Captain Dye's Blog
These are all the Blogs posted on Friday, 5 October, 2007.
Week 8: Combat Ops On Two Fronts
Operational Tempo has kicked up a significant notch. We are now fighting as two separate and distinct Battalion Landing Teams with BLT 2/1(-) at Cape Gloucester in 1943 and BLT 1/7 on Guadalcanal in 1942. We've all surveyed our watches and calendars for recalibration as we go from the southern Solomons to New Britain in the space of a couple of hundred meters of jungle terrain. This situation, driven by a tight production schedule, puts our Marines in a regular OpCon/AdCon quandary. For instance, the Guadalcanal unit is focusing on Chesty Puller and Manila John Basilone at the battle of Bloody Ridge, but we begin the episode with PFC Robert Leckie and his 2/1 machinegunners getting hammered by Japanese naval gunfire during the infamous "night of the barrage" when a flotilla of battlewagons and heavy cruisers soaked the Marine positions around Henderson Field with high explosive. When Leckie and his buddies from 2/1 dig themselves out of the rubble, they hustle over to Cape Gloucester where torrential tropical rain pelts them almost as hard as the Japanese Navy did. Meanwhile on Guadalcanal, LtCol. Puller and his 1/7 Marines are stretched dangerously thin along the high ground overlooking Henderson Field and wondering when the opposing Sendai Division will launch their all-out attempt to re-take the vital air base. I'm particularly impressed with our plans to demonstrate Platoon Sergeant Basilone's heroics in the fighting on 23-25 October 1942. There will be no doubt in anyone's mind why he was awarded the Medal Of Honor as a result of that action. The real assets in bringing that fight to the screen are the young performers playing Basilone and his buddies in the heavy weapons company of 1st Battalion, 7th Marines. They are as motivated and aggressive as any I've seen so far. Once again, training pays&and just watching them fix, fire and maneuver those old M1917 water-cooled machineguns is a real treat. I've spent a lot of time lately wondering how Manila John and his machinegunners did what the record says they did given the unwieldy and overly complicated nature of those weapons. Over on Cape Gloucester, my XO Mike Stokey is living in his rain gear and guiding BLT 2/1 through the mud and slime of the fighting on that island. With equipment rusting before their eyes and uniforms rotting right off their backs, the Marines are pushing the Japanese defenders back into pockets of stiff resistance where they will be destroyed in detail. Frankly, I'm glad the XO is fighting that battle. I know from first-hand experience in later wars how miserable the combination of monsoon rain and tropical mud can be. We continue the attack...on two fronts. Semper Fidelis.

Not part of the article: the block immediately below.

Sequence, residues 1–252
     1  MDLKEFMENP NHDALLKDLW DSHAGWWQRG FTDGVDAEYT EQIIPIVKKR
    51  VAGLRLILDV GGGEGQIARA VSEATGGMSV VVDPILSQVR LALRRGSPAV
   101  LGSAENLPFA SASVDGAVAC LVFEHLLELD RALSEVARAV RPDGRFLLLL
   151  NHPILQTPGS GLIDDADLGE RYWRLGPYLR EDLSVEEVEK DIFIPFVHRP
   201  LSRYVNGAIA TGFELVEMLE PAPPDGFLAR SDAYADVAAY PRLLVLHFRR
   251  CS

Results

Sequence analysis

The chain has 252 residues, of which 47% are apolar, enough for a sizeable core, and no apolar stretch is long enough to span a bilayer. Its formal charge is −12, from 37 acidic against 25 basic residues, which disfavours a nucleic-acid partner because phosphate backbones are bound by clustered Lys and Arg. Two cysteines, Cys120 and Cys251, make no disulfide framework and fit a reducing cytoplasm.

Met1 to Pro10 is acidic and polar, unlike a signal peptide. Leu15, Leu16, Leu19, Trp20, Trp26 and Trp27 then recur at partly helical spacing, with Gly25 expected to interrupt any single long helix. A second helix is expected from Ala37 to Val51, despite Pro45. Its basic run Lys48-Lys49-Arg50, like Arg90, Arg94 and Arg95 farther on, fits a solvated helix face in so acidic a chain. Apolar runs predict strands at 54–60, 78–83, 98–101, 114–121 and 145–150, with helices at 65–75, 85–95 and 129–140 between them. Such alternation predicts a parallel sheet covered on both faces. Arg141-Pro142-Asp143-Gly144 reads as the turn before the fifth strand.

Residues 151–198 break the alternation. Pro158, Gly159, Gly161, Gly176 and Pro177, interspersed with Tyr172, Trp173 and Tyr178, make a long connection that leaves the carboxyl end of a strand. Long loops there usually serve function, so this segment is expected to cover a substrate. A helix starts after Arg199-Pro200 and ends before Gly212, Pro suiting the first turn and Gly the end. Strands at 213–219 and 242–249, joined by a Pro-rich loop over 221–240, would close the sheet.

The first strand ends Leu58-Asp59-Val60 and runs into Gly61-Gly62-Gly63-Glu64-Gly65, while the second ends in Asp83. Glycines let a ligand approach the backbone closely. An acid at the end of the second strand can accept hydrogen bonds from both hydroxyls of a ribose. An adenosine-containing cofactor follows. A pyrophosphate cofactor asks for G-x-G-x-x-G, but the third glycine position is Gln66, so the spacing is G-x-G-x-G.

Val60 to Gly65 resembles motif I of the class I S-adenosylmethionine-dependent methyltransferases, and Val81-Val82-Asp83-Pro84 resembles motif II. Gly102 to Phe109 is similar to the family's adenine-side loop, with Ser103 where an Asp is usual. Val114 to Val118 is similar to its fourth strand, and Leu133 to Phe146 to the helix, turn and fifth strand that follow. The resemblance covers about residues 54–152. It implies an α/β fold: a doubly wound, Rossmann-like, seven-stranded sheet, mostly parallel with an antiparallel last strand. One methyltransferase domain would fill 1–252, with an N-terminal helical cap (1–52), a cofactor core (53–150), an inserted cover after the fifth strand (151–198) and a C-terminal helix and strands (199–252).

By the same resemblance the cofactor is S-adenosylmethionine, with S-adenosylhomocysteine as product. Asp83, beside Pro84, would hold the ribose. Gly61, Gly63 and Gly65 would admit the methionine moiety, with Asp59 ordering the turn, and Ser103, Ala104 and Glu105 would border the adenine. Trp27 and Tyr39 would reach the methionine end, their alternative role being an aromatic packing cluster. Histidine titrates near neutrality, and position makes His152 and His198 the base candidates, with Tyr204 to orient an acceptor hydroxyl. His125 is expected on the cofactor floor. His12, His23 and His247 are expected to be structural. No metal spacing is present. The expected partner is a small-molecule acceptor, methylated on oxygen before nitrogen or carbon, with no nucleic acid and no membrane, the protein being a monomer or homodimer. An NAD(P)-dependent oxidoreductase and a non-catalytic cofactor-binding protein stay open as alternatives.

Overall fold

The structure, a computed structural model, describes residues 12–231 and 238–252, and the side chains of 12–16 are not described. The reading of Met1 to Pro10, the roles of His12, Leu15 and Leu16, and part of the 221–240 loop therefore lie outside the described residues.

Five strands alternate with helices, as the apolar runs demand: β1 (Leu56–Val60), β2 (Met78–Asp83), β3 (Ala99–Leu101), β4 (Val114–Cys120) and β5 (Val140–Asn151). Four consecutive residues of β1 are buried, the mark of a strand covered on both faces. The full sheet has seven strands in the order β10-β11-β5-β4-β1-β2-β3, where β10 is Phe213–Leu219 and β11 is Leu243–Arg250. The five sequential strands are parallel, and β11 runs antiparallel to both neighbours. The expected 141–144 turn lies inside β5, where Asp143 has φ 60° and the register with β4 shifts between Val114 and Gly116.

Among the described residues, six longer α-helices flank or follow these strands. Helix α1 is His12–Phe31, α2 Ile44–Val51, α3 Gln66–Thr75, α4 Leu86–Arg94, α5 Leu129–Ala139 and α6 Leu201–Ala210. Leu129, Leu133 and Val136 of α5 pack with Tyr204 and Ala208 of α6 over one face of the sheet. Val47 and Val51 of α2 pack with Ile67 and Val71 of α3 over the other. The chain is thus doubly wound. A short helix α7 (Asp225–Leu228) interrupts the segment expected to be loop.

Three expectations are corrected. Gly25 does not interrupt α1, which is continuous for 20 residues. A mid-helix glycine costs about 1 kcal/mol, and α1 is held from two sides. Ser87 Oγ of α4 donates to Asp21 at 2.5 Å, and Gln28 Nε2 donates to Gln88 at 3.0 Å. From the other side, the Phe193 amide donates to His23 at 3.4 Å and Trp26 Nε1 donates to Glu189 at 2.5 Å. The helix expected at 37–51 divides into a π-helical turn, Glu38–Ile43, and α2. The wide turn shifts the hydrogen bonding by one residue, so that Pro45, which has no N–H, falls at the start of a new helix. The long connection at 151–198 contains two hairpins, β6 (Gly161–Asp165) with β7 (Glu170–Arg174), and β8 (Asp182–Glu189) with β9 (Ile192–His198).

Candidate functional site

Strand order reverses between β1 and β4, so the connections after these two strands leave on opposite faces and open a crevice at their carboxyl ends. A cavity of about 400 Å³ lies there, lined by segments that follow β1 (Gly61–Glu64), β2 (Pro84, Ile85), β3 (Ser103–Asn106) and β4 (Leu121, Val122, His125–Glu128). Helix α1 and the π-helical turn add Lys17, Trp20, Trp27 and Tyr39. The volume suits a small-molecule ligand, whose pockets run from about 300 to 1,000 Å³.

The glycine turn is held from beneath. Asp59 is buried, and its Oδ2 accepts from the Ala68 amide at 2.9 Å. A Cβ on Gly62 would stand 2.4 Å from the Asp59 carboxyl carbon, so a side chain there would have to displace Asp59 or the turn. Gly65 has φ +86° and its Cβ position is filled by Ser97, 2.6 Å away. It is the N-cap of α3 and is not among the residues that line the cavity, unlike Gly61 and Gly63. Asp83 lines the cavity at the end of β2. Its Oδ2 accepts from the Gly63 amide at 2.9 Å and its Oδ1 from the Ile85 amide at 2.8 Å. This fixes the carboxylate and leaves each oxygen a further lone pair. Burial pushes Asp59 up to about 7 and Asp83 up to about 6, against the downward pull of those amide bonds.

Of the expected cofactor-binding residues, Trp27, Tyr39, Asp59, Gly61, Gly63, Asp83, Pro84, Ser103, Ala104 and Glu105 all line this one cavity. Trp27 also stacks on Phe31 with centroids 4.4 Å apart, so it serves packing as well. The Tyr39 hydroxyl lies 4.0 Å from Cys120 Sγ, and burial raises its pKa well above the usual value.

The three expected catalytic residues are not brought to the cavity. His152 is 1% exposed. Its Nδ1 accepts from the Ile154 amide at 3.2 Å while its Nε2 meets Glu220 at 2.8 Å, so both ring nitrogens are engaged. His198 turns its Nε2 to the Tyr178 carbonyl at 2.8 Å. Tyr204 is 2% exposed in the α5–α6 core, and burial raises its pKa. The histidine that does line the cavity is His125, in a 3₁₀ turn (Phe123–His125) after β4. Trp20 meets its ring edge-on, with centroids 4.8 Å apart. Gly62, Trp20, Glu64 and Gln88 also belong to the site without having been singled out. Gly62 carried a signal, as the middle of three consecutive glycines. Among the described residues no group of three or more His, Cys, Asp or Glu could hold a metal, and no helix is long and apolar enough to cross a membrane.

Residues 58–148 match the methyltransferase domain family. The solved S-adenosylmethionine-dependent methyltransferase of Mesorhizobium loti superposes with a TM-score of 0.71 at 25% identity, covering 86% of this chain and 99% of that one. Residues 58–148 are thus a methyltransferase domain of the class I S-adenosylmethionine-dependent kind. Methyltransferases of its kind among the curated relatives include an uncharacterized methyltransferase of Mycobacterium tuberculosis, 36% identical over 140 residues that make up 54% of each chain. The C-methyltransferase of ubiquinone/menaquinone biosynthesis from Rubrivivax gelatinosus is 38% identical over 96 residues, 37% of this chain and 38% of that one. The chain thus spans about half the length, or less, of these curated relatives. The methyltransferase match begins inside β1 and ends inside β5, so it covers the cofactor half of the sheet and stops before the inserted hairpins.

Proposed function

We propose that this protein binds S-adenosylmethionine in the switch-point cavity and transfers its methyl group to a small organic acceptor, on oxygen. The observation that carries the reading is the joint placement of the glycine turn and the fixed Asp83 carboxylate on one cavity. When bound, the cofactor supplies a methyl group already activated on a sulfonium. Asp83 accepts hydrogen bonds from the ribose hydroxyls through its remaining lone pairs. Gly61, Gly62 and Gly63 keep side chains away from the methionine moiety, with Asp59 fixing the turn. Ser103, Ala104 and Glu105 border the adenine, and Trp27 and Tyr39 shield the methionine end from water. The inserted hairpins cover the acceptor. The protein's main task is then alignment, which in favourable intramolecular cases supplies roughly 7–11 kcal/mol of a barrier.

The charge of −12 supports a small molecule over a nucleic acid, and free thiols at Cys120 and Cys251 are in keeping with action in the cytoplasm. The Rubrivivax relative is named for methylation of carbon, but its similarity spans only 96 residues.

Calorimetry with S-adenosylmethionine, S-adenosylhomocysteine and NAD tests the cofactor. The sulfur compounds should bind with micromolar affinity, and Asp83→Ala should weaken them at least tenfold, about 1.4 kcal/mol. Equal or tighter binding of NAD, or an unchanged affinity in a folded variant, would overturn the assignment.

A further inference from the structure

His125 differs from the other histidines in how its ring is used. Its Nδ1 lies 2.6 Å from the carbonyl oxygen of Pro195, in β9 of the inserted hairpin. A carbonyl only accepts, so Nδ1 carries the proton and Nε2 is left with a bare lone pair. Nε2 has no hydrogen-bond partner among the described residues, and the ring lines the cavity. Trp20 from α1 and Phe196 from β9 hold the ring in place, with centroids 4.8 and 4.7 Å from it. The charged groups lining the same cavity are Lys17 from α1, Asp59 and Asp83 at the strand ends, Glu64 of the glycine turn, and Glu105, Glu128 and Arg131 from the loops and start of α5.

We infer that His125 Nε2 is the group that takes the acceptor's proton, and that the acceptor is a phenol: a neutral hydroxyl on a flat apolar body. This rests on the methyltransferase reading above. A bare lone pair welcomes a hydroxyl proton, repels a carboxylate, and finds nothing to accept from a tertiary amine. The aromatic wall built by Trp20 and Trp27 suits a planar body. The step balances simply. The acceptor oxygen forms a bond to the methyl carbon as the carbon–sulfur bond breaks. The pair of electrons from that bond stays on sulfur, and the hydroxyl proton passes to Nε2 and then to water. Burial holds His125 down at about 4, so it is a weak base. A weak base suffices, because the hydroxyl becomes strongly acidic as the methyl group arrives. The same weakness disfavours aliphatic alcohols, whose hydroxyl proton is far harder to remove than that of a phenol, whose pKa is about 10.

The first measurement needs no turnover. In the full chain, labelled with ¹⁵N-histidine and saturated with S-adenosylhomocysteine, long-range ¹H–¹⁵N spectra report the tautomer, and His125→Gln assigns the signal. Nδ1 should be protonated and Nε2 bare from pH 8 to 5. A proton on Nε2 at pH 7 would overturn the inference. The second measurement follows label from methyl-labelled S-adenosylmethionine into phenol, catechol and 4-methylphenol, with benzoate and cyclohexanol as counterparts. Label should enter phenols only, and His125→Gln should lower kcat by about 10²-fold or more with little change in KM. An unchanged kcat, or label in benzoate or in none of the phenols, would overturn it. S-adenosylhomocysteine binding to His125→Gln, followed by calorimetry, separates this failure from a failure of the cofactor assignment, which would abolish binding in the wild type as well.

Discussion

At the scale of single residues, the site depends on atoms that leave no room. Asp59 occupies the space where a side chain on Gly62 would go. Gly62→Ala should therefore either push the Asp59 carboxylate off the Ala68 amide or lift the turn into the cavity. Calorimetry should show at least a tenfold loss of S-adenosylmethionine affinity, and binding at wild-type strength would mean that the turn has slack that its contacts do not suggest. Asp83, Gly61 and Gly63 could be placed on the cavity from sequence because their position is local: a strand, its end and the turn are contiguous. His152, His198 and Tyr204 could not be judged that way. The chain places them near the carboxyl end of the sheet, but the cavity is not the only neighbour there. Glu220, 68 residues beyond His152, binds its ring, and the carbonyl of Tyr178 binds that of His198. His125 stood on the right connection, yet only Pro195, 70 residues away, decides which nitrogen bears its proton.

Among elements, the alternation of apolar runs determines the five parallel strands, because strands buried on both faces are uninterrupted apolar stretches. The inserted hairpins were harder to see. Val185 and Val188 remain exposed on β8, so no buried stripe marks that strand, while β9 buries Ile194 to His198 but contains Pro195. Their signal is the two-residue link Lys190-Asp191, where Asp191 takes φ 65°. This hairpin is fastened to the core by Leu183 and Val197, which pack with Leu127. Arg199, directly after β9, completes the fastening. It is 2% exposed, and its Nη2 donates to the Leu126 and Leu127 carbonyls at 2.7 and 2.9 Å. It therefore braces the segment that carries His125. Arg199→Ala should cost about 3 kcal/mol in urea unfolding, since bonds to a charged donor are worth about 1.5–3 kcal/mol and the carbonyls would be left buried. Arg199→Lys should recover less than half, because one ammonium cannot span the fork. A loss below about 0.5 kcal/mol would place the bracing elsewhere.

Posted By Captain Dale A. Dye at 9:24 PM in Category:The Pacific War
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